The taunting, however, drove him to exercise. His father put him on a weight-lifting regimen, and they’d jog in the woods together. Convinced that his son could earn a football scholarship, Strahan’s father sent him to Houston for his senior year of high school. After he starred at Texas Southern University, the Giants drafted Strahan in the second round of the 1993 draft. Nearly a decade later, in 2002, he set the NFL’s single-season sack record. He entered the Pro Football Hall of Fame in 2014. Strahan sees parallels between his football and TV careers. Neither was carefully planned; he learned both on the fly. “Here’s a kid in Germany, go play football,” says Strahan. “‘O.K., Dad.’ Back in the day, do Live. I’ve never done it, figured it out. Do GMA. It scared me to death. Figure it out.”

His partnership with Ripa blew up in 2016, when ABC asked Strahan to join GMA full time. Ripa felt blindsided by the offer and did not report to work for nearly a week; she came back championing respect and communication in the workplace. He departed the show months earlier than planned. “I learned through all that went down with that, you can’t convince people to like you,” says Strahan. He credits Ripa for teaching him how to reach a new TV audience, though they’re no longer in touch. “I haven’t spoken to her in a long time,” he says.

Live led him to GMA, where he has thrived. So ABC execs decided to hand him and co-host Sara Haines the third hour of the morning show. (Unlike the extra hours of the Today show, which air after the main morning block, GMA Day runs in the early afternoon.) Strahan figured out how to grab attention for his nascent program. After President Trump fed the national champion Clemson University football team fast food during their Jan. 14 White House visit, Strahan announced on GMA Day that he’d pay for a lobster dinner for the squad. The show’s producers have reached out to Clemson; there’s still a chance the meal will happen. “I would have been excited to be at the White House,” says Strahan. “Then I would have walked out of there, like, ‘That was the meal? That wasn’t what I expected.’ If you’re going to go there, go all out.”

A couple of days before the NFC championship game between the Los Angeles Rams and New Orleans Saints on Jan. 20, I asked Strahan what he would change about football if he were named NFL commissioner. First, he recommended an overhaul of instant replay. “You should be able to review some of these calls that you’re not able to review,” Strahan says. The response was eerily prescient, as an official missed an obvious pass-interference call that almost certainly cost the Saints a Super Bowl berth. During the off-season, the NFL will discuss allowing refs to correct such judgment calls. “If you’re trying not to let human error be part of the game, use it for things like we saw yesterday,” Strahan says in a follow-up call after the game. “It’s a bad feeling. It kind of puts a damper on the Rams.”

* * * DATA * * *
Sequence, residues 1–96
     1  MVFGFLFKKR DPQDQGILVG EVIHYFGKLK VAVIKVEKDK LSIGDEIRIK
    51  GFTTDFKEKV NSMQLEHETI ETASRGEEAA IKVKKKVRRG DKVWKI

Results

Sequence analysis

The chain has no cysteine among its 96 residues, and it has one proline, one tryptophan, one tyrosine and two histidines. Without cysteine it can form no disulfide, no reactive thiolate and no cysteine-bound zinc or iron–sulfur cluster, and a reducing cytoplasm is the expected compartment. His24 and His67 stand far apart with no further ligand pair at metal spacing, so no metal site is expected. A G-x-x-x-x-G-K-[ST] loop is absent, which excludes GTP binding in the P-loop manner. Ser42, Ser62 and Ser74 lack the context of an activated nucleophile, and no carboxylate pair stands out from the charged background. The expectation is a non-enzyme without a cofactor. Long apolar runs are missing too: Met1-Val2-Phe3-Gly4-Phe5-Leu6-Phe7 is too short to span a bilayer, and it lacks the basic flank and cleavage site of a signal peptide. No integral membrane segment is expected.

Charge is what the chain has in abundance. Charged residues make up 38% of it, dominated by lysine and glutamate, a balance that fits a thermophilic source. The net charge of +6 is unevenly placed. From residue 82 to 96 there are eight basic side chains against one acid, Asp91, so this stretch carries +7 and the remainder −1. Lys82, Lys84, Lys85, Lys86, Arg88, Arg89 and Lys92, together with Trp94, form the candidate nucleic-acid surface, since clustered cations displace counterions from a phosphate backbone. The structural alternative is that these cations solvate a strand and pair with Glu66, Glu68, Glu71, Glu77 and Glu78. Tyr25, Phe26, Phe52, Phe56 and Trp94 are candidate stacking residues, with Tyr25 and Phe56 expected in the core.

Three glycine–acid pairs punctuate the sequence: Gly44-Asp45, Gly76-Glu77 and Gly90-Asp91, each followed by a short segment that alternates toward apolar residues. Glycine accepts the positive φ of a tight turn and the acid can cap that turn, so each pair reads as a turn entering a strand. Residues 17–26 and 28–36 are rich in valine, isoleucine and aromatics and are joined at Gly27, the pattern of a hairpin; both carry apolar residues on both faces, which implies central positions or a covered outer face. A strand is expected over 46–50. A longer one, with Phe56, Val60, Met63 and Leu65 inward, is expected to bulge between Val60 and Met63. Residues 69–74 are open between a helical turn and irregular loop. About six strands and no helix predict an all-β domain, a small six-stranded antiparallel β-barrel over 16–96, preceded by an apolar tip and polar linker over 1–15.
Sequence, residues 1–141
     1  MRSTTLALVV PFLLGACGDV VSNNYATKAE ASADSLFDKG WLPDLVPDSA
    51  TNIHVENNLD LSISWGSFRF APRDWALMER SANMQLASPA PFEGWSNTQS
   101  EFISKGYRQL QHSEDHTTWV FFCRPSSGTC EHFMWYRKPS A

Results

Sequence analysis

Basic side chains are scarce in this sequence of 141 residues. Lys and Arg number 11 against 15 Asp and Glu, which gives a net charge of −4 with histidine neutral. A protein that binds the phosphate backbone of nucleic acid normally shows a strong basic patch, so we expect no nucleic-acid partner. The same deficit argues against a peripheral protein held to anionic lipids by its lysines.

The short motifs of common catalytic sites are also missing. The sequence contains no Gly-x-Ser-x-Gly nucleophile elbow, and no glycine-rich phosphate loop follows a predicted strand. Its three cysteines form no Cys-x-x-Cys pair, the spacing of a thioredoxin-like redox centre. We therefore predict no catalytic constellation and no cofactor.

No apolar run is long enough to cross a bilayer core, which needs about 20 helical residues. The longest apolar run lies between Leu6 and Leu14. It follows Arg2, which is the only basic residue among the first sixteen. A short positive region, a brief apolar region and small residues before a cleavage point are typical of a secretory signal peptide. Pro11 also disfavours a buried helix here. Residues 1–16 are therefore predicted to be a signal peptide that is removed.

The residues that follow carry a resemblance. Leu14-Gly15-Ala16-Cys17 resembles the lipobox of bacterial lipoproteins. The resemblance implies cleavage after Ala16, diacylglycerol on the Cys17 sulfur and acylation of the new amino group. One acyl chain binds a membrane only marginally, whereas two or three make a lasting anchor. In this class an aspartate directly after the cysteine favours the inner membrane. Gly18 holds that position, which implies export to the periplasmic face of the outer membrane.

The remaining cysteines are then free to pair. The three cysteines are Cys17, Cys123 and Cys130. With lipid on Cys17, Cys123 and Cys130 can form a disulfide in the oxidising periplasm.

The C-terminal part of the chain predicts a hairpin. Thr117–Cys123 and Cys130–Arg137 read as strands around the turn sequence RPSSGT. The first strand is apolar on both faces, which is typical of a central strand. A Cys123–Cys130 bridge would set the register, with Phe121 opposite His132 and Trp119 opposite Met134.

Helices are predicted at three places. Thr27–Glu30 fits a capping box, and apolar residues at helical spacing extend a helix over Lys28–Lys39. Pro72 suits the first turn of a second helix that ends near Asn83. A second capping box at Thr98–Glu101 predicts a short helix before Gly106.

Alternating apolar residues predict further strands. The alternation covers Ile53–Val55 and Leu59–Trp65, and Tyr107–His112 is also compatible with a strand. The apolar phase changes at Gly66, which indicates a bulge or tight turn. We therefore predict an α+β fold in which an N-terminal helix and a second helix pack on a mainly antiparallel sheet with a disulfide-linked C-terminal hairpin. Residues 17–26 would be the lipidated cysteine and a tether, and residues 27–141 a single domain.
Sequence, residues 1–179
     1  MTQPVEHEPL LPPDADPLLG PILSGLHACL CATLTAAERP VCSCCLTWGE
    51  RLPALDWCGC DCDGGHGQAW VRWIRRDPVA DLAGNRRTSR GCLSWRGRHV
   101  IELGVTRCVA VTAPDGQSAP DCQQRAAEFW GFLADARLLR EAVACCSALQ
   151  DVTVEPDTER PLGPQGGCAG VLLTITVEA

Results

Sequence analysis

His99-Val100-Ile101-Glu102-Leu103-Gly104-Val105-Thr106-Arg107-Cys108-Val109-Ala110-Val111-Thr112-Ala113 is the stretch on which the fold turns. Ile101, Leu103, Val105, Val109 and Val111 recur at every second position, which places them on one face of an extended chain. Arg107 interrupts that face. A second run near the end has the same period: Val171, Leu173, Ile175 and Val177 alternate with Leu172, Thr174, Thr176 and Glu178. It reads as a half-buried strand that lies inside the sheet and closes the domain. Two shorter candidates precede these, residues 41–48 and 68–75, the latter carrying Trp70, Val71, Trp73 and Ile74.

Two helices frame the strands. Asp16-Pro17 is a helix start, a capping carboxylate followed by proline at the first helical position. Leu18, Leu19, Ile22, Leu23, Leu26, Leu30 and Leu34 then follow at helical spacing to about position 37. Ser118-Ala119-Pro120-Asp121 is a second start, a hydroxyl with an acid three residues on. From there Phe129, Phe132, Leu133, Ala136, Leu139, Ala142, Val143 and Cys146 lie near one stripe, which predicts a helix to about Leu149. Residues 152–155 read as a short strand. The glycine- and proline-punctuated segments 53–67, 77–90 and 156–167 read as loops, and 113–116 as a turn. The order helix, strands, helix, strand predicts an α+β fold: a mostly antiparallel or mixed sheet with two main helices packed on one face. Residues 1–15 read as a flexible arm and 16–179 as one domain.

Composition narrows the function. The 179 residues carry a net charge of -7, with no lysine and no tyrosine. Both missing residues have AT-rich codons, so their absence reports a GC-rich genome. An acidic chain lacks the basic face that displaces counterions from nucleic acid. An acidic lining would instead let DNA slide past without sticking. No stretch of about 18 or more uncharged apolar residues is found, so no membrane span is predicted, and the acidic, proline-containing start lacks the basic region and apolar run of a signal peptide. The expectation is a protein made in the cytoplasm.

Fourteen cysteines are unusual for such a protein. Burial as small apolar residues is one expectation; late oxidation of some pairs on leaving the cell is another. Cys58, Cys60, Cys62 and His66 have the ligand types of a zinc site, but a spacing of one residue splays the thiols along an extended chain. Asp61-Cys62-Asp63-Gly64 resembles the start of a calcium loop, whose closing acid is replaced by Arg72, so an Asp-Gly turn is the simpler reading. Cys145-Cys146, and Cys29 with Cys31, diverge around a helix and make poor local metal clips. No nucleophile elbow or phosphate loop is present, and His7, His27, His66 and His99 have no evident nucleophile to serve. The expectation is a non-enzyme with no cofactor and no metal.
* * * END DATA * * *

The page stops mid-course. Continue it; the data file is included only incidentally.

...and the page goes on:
That’s a shame, because Pats-Rams is an enticing matchup on the merits. Brady, 41, is the oldest quarterback to start a Super Bowl. Rams quarterback Jared Goff, 24, is the youngest to win an NFC championship game. L.A. certainly has the defensive skill to thwart the Pats. Rams lineman Aaron Donald threatened Strahan’s sack record this season. Ndamukong Suh, another member of L.A.’s defensive front, sacked Saints QB Drew Brees in the championship game. “You’ve got to get to Brady,” Strahan says. “It’s not easy. He’s never been mobile. But he knows how to step. Just like a dancer.”

Strahan’s key to Super Bowl prep was realizing that the field’s still 100 yards long. The Patriots, who have made the big game three years running, own the experience. The Rams can’t feel overwhelmed. “When you’re playing for something bigger than yourself, with a group of guys you love, that will get you going when you don’t have anything left in the tank,” says Strahan. “It’s not like in the Super Bowl they change the rules. It’s not that complicated. Realize it’s just freaking football.”

Write to Sean Gregory at sean.gregory@time.com.

This appears in the February 04, 2019 issue of TIME.